Free Methodist Church USA "let there be light" with Dove-Flame Mark. Orange and Blue.

This has been one of the most confusing seasons in our lived history. Take a pandemic; mix in a bunch of weird political stuff; add a few racial inciting events; and call it 2020-21. To refer to the last 18 months as a challenge, would be a huge understatement. However, one of the benefits of hard seasons is that they have a way of exposing some rough spots in each of our lives, our leadership, and our organizations. As I have paused and reflected on what we are emerging from, I realize that there is a new set of underlying assumptions which we must adopt and allow to fundamentally change our approach, particularly in the arena of church ministry, if we hope to remain relevant and effective moving forward.

 

1. ACCELERATED REALITY: We lost a decade. Today, we are living in what 2031 would have looked like, but it happened now. We can resist this and drift into obscurity, or we can embrace it and position ourselves to play a significant role in helping people navigate the challenges ahead. No doubt this will require taking risk, learning from our mistakes and quickly redirecting our efforts.

 

2. THE GREAT RESIGNATION: This season is marked by the largest loss of senior pastors and church staff in known history. As organizations and churches navigate these often unwanted and perhaps even unexpected staffing transitions, let me offer you a hope-filled perspective: First, God is still in control. Secondly, the church is His bride, and He will fight to protect and preserve her. Finally, I wonder if part of the great resignation is actually a strategic God initiative to reorganize and deploy His church leaders. I believe that God is always working to position His leaders in just the right place, at any given time, in order to contribute to the kingdom in ways that would not be possible otherwise.

 

3. THE BIG SWAP: The people who came back to church didn’t necessarily come back to the same church they left. Many individuals and families are taking this opportunity to reconsider what is most important to them. Interestingly, those who are coming back seem to be leveling up in their commitment to Christ and, thus, are looking for a church that is serious about helping them apply their faith in meaningful ways to their everyday lives.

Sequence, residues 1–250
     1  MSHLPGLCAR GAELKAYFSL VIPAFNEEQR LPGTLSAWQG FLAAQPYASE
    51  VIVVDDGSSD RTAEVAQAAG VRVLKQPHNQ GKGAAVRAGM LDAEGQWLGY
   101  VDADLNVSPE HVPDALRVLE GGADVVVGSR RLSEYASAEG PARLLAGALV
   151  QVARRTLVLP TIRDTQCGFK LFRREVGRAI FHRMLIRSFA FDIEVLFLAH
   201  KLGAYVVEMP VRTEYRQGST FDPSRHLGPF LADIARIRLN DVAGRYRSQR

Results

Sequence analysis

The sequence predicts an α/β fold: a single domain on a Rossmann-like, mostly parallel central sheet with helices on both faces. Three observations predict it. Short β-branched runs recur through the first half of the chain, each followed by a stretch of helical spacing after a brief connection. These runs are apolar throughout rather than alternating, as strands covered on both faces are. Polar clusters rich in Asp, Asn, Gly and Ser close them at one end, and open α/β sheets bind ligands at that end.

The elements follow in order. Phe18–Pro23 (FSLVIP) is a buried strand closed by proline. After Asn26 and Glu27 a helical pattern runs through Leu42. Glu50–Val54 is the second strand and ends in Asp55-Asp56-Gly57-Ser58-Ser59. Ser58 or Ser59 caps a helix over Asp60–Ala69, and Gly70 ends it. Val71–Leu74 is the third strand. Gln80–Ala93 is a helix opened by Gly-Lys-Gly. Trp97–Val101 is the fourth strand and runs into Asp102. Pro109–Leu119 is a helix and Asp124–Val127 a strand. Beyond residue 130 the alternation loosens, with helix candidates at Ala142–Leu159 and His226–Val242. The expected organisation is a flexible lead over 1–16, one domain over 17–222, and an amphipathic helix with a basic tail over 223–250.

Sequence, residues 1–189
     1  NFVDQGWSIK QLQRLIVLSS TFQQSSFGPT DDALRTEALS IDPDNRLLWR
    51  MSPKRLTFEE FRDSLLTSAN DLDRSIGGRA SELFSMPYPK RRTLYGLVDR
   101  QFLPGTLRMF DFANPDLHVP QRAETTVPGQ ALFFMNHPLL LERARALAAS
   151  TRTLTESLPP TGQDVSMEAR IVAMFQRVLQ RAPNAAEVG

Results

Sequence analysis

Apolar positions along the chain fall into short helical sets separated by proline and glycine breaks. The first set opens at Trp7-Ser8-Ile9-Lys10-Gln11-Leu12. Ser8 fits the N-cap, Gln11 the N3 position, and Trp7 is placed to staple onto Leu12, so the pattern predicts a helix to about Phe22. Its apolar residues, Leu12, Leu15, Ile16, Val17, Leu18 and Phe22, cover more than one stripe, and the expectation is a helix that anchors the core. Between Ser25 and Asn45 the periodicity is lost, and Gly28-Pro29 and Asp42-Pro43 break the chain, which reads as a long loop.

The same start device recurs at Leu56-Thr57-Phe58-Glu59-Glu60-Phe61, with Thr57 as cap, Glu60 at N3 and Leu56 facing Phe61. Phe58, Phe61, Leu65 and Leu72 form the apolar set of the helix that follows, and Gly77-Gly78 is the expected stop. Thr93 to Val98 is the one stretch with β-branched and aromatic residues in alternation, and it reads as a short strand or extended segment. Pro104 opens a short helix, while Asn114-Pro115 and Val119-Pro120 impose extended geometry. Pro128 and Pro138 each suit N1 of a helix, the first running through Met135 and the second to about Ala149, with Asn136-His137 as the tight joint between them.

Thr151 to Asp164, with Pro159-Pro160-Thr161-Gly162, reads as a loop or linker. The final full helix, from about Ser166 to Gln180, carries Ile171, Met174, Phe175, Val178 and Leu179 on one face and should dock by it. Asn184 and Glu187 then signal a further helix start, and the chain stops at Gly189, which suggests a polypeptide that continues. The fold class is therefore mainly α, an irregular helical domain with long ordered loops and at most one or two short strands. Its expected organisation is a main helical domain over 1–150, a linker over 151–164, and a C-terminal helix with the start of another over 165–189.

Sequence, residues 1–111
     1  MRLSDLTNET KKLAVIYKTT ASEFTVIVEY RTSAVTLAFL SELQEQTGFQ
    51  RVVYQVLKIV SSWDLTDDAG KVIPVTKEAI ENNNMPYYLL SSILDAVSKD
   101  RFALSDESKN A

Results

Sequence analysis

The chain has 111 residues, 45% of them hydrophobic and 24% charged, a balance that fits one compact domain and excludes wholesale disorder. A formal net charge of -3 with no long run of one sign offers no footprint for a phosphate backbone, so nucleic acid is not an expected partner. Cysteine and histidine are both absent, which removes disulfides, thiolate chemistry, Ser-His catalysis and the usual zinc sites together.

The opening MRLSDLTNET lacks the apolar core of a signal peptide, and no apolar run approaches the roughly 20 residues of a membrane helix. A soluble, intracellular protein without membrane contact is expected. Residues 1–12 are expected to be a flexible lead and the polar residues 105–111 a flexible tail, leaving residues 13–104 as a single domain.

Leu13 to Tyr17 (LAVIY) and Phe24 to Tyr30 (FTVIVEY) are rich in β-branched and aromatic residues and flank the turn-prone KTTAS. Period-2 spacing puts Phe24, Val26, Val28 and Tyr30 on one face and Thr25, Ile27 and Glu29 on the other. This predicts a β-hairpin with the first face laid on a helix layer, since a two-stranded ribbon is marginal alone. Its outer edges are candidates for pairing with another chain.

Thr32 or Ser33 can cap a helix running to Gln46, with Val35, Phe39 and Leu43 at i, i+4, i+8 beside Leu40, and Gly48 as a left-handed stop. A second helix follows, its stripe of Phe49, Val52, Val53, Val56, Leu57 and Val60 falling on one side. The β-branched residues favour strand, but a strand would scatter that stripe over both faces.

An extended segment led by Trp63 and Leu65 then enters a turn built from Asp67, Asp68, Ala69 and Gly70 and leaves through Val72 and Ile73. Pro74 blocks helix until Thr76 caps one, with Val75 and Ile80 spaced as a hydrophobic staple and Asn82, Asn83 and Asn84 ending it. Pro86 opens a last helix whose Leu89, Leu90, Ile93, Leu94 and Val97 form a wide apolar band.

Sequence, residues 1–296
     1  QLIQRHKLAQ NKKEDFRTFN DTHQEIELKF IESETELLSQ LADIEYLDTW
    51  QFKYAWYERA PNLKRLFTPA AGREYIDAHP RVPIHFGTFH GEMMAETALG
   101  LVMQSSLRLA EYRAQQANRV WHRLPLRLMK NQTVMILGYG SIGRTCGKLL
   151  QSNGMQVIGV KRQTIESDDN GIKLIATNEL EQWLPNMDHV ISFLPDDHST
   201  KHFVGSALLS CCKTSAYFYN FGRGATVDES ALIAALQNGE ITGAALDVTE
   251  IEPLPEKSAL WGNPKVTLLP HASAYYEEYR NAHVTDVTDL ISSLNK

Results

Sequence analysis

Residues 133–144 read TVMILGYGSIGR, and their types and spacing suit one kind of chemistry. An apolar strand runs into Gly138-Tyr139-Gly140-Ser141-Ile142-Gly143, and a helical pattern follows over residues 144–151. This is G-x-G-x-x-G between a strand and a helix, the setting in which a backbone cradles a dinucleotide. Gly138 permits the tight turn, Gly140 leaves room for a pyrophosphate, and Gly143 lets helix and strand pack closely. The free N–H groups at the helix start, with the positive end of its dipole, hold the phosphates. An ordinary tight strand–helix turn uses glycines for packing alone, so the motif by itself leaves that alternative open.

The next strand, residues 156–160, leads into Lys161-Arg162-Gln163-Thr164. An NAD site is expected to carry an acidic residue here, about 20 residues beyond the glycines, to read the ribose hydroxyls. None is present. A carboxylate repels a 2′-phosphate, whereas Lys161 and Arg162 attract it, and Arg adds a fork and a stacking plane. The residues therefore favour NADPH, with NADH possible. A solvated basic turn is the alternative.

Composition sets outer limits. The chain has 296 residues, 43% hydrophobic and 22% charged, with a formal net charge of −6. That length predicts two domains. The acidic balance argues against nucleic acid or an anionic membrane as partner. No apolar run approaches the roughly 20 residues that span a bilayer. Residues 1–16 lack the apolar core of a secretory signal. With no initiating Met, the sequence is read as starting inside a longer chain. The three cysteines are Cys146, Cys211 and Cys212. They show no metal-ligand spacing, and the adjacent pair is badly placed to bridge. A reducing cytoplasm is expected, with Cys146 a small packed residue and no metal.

4. THE SAD GOODBYE: Due to the ripple effects of the pandemic, many churches have had to shut down or are in the process of closing their doors. According to Barna Research Group, around 20% of smaller churches will not survive.(1) On top of that, Barna along with several other researchers have stated that approximately 32% of regular church attenders did not make the shift to online services during the shutdown.(2) Now more than ever, we need to look around our auditoriums and notice who is missing. Who is no longer connecting with us and what will we do about it?

 

5. LESS PEOPLE WILL RETURN TO IN-PERSON CHURCH: According to Warren Bird of Lifeway Research, overall church attendance is predicted to recover at 80% of 2019 levels.(3) However, that mark is still a long way off. Current attendance levels are trending well below that mark for most churches.(4)

 

6. ONLINE IS REAL CHURCH: Online church isn’t going away. If you haven’t already, this is the time to embrace a permanent hybrid: in-person and online. Do you remember just a few years ago when people debated if online church really counted? We bantered back and forth wondering if meaningful connections and spiritual development could really be accomplished in a virtual setting? Worship is essential. Christianity is both personal and corporate. We are called to gather. Over 30 years of ministry, I have not met a single person who is remotely mature in their faith who is not connected regularly in community. In this last season, I have seen many individuals take significant spiritual steps through our online community.

 

Before the pandemic somewhere around 3-4% of church goers viewed online church as a viable and preferred option for them and their families.(5) Moving forward, online will be a legitimate spiritual community for many more, plus another large percentage of our physical attenders will take advantage of a virtual option in addition to occasionally attending in-person.

 

7. BALKANIZATION IS OUR CURRENT REALITY: Balkanization is a term used to describe the division of a people into smaller hostile units of like-thinking groups. We are definitely experiencing balkanization on issues of critical race theory, LGBTQ, masks, vaccines, and politics. Americans have chosen distinct camps and want to be in a church that reflects their particular camp. Interestingly, this extreme polarization has resulted in transfer growth for the hyper-right.

 

The pandemic has changed life for everyone, and churches along with their leaders are certainly no exception. The future, especially the next 18 months, will be precarious for a number of churches, but for the nimble and focused it will provide significant opportunities for outreach and kingdom expansion.

 

Benjamin Sigman, D.Min., is the lead pastor of Timberlake Church and the co-superintendent of the Reach Conference.

 

[1] https://outreachmagazine.com/resources/research-and-trends/59661-research-1-in-5-churches-may-close-due-to-pandemic.html
[2] https://www.barna.com/research/new-sunday-morning-part-2/
[3] https://careynieuwhof.com/episode367/
[4] https://lifewayresearch.com/2020/10/20/few-churches-back-to-pre-covid-attendance-levels/ and https://christianstandard.com/2021/05/church-survey-facts-and-figures-from-a-funky-year/
[5] http://hirr.hartsem.edu/megachurch/2015_Megachurches_Report.pdf